France was thrown into fresh crisis on Monday after President François Hollande asked his prime minister to form a new government following an open feud within his cabinet over the country’s economic direction.
The president ordered Prime Minister Manuel Valls to form a new cabinet "consistent with the direction [Hollande] has set for the country", the presidency said in a statement.
The statement did not cite a reason for the move, but it comes after Economy Minister Arnaud Montebourg spent his weekend slamming the country's economic direction, as well as close ally Germany, in a much-criticised show of insubordination.
On Saturday, Montebourg told daily newspaper Le Monde that France would no longer "be pushed around" by Germany.
"You have to raise your voice. Germany is trapped in an austerity policy that it imposed across Europe," the Socialist minister said.
Then in a speech on Sunday, Montebourg said he had asked Hollande and Valls for a "major shift" in economic policy.
"Given the seriousness of the economic situation, an economy minister has a duty to offer alternative solutions," he told Socialist Party supporters at a rally in eastern France.
Montebourg told reporters on Monday that he would not seek a position in the new government, lashing out again at the government's policies in some of his final remarks as economy minister.
"The entire world is urging us – even begging us – to end these absurd austerity policies that are plunging the eurozone into an economic slowdown,'' he said in a statement to the press.
"My responsibility as economy minister is to tell the truth, and observe ... that not only are these austerity policies not working but they are also unfair."
The key question for Valls in deciding who stays and who goes in the cabinet reshuffle will be where the ministers stand on Hollande’s economic policies, said FRANCE 24's Cyril Vanier. All those who support his policies, including the foreign and interior ministers, will likely continue in their roles. But for Valls, it is simply logical that those who have been critical “will not be part, cannot be part, of the government”, Vanier said.
Those preparing to leave their posts include the culture minister, Aurélie Filippetti, who has expressed support for Montebourg. Filippetti said in an open letter to the current government on Monday that her loyalty is not in question, but stressed that France’s economic policies must remain open to debate.
Austerity vs growth
FRANCE 24's Armen Georgian reports on French government reshuffle
This open insubordination from Montebourg, who has significant support on the party’s disgruntled left, put him at loggerheads with Hollande, who said last week France should not go “head to head” with Berlin.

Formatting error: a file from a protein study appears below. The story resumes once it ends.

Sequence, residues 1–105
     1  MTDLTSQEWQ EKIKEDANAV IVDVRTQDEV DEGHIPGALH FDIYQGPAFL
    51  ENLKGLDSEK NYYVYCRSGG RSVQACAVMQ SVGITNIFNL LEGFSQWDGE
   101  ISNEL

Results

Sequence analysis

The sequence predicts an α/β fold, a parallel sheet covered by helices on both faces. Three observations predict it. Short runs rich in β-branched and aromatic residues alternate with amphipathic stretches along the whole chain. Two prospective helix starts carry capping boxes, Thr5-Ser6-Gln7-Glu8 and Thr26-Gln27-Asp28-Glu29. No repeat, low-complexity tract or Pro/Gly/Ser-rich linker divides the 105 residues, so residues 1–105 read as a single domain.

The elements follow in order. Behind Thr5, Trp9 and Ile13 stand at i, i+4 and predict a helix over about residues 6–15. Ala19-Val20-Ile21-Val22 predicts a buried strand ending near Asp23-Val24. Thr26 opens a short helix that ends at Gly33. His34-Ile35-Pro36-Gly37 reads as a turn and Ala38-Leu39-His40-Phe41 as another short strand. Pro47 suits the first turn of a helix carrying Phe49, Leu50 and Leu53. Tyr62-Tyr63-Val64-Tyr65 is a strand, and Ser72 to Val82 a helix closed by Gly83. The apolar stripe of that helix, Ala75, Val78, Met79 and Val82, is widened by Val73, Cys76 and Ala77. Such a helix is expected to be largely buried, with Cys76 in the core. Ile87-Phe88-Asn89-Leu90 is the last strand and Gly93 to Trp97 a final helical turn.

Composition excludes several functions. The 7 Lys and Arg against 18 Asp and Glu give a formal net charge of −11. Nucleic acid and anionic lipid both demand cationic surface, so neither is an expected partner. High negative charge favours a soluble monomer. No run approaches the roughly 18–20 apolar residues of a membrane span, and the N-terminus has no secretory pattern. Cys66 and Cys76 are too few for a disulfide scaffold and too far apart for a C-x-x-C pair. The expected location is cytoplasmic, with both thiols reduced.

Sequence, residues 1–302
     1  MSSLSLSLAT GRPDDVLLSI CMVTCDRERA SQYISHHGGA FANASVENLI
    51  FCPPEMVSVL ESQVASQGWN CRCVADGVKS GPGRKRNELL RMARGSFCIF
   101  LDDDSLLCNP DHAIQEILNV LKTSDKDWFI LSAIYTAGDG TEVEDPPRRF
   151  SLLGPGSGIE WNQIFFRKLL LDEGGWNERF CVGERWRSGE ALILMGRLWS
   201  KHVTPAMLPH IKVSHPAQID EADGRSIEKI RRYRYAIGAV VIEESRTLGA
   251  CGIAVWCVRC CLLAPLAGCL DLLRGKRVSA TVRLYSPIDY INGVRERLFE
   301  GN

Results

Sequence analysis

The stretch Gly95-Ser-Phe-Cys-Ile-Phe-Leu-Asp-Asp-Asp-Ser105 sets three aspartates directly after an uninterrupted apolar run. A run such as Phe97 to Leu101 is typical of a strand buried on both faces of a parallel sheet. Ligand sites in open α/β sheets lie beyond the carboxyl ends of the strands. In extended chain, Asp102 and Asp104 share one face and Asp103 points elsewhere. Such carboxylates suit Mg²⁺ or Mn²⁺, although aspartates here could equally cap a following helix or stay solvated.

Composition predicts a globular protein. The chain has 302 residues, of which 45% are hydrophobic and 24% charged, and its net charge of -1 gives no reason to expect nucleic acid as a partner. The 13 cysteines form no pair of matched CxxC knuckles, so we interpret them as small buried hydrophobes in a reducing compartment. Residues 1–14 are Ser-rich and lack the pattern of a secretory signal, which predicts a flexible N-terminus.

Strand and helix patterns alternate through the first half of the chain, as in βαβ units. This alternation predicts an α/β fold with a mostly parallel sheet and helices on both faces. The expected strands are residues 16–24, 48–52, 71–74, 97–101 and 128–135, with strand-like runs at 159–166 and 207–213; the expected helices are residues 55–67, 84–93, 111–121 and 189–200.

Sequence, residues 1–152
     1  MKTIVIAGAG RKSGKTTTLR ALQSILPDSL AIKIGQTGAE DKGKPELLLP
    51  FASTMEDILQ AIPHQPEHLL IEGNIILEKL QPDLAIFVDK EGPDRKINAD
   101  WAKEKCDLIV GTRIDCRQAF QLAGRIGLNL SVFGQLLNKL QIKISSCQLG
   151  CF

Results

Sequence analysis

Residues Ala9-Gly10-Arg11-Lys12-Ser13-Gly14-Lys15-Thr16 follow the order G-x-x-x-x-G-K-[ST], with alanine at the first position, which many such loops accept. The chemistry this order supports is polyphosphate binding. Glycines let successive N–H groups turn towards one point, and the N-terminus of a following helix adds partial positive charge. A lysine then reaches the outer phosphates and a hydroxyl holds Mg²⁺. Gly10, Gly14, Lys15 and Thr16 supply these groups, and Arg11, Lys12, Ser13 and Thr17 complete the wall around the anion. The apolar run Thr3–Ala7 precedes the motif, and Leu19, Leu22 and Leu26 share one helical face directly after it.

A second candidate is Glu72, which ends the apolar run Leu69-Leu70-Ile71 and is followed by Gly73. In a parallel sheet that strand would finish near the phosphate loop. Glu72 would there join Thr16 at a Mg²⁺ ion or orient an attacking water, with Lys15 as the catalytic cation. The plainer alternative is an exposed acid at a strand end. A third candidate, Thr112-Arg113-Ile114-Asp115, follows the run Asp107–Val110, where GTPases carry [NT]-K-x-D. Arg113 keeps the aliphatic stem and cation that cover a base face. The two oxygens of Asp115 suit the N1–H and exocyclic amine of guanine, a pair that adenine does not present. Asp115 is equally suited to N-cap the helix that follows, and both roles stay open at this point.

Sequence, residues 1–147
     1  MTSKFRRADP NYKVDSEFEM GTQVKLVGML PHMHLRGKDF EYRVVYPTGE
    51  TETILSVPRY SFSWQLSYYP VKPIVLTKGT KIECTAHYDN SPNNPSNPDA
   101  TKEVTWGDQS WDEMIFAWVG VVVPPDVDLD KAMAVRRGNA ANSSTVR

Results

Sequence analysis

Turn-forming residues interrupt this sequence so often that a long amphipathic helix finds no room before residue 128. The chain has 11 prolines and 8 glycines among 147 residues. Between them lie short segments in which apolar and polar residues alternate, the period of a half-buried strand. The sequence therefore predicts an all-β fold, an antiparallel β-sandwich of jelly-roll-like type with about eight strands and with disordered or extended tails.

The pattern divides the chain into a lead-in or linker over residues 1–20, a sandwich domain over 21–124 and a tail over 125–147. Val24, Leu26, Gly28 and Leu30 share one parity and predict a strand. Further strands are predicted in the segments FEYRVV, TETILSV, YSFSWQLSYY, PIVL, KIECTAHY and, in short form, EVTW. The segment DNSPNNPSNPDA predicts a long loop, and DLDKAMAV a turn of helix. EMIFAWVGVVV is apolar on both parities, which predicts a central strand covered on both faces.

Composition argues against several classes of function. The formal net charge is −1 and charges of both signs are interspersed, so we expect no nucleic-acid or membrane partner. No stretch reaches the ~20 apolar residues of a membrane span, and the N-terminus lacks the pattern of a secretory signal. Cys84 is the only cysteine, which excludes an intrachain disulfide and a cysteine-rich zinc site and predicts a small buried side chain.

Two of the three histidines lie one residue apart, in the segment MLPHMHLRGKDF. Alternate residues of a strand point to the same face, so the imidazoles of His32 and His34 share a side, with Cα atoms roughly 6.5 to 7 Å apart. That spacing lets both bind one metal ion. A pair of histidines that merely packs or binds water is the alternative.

Since the start of the eurozone debt crisis in 2010, Germany has been accused of leaving its EU partners in the lurch by failing to do more to kick-start growth.
Earlier this month, Berlin snubbed a request from France’s Hollande for an EU-wide economic policy shift in order to encourage growth.
"I hope that we can convince our European partners to make growth a priority," Hollande said Saturday when asked about Montebourg’s comments, in a clear effort to downplay the dissent.
“Everyone who shares that idea is welcome, it is the position of the government,” Hollande added, suggesting there was a consensus in the government on the issue of growth versus austerity.
However, despite Hollande’s conciliatory comments, it was clear by the following morning that Montebourg had gone too far with his open criticism of the government and its failure to stand up to Germany.
Valls aides on Sunday told journalists that Montebourg had crossed a line in speaking out against the government’s economic policies.
In his interview with Le Monde, Montebourg also criticised Germany – without mentioning it by name – for its role in helping the European Central Bank determine eurozone monetary policy.
"Today, unfortunately, the hawks... fight inflation when it disappears while forgetting to fight the essential problems such as widespread unemployment," the popular economy minister said.
On Monday morning, Montebourg told Europe 1 that he “did not regret” speaking out and insisted he had not broken ranks with the government.
He also repeated his comments to the press that France had to move away from austerity policies and focus instead on growth and reducing unemployment.
The country is mired in a stubbornly slow economic recovery and the central bank warned this month that France had no hope of reaching Hollande’s target of 1.0-percent growth for 2014.
(FRANCE 24 with AFP)
Date created : 2014-08-25